AS poultry farmers and game-bird breeders in North Yorkshire go on alert after last week's outbreak of Newcastle disease in pheasants - which can quickly turn into a killer plague for domestic birds - Britain and France have acted quickly to isolate areas of possible infection.
Although the single UK outbreak is at present confined to a farm in Surrey, it can spread like wildfire and early indications suggest that it might have been imported from France.
And unlike previous outbreaks of animal disease like BSE and foot and mouth, which led to constant bickering between the two nations, government vets in both countries have been ordered to work together to track down and isolate possible sources of the disease.
In North Yorkshire, where game shooting plays an important economic role in many isolated areas of the Dales and North York Moors, the threat has brought back unpleasant memories of the foot and mouth disaster.
Newcastle disease is not threat to humans but can ravage poultry and game birds. In the Surrey outbreak, some 2,500 pheasants were culled at the weekend and now suspicions have moved to a huge French game-breeding farm with 20,000 pheasants and 35,000 partridges.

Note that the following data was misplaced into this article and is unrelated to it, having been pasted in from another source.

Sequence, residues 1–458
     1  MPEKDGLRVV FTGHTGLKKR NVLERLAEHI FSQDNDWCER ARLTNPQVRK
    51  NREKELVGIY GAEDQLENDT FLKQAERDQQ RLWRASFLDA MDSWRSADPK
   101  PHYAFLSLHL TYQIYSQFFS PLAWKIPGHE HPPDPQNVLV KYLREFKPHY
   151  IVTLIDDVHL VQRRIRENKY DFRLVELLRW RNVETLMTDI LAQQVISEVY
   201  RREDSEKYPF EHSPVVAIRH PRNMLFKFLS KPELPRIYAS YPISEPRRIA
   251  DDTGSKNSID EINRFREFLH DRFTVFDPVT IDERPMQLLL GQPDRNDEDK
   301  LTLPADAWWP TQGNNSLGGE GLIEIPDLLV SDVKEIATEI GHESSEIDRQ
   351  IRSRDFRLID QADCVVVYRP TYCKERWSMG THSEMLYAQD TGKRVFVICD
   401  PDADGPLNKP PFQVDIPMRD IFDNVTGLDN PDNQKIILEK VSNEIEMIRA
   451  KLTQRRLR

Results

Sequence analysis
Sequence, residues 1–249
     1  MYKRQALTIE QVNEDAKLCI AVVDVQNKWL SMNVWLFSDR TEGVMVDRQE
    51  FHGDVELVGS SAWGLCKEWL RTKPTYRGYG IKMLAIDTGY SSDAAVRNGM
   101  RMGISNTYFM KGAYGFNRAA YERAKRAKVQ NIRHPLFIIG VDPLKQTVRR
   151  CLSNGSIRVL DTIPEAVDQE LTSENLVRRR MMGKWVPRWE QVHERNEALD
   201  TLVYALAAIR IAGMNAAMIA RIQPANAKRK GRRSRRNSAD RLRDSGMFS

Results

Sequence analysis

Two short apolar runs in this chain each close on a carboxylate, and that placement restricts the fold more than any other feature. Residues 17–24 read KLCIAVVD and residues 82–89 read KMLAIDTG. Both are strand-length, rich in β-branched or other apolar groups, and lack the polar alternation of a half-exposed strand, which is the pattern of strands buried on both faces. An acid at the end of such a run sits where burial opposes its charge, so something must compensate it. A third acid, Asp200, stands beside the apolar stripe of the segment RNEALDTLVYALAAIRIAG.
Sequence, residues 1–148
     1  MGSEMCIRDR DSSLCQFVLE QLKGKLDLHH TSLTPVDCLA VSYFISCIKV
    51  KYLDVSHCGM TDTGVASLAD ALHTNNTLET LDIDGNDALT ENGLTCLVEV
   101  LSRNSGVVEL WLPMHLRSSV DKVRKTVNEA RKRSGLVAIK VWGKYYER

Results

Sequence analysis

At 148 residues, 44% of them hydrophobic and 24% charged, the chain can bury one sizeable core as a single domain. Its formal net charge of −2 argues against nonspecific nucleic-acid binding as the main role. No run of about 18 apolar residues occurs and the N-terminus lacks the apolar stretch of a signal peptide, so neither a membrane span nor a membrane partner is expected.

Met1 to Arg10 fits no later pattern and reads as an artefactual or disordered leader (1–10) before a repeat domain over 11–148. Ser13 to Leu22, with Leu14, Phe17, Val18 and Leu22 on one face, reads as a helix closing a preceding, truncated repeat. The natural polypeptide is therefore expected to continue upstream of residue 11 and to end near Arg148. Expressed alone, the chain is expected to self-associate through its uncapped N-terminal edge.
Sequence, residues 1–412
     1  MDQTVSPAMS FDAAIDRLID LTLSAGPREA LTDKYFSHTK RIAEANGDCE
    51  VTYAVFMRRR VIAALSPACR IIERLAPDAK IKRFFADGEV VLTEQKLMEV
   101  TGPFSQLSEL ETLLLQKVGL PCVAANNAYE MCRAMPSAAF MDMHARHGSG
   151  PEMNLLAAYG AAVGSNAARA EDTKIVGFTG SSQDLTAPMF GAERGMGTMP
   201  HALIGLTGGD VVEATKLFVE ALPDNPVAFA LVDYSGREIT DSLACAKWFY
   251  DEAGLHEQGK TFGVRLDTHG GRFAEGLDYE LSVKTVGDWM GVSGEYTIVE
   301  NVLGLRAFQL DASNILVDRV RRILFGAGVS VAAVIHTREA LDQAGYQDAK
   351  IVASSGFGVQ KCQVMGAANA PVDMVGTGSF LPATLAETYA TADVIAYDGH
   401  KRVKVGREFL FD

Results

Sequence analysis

Vets in both countries are desperately trying to establish if the two outbreaks are connected.
The disease could not have come at a worst time for sporting estates in North Yorkshire with the autumn shooting season only weeks away. With farming in crisis, many smaller country estates survive only on the profits from shooters. Local hotels, pubs and restaurants also benefit from their trade.
However, this week's prompt action is reassuring. The Surrey outbreak is a long way away and, this time, Defra seems to have reacted with speed. The old Ministry of Agriculture allowed two weeks - at least - to pass before raising a national alert over foot and mouth, by which time it had spread over hundreds of miles.
At that time, MAFF panicked and virtually closed down the countryside for weeks on end, dealing a massive blow to the tourist industry. This time, said a Defra official yesterday, "the countryside should remain open for business."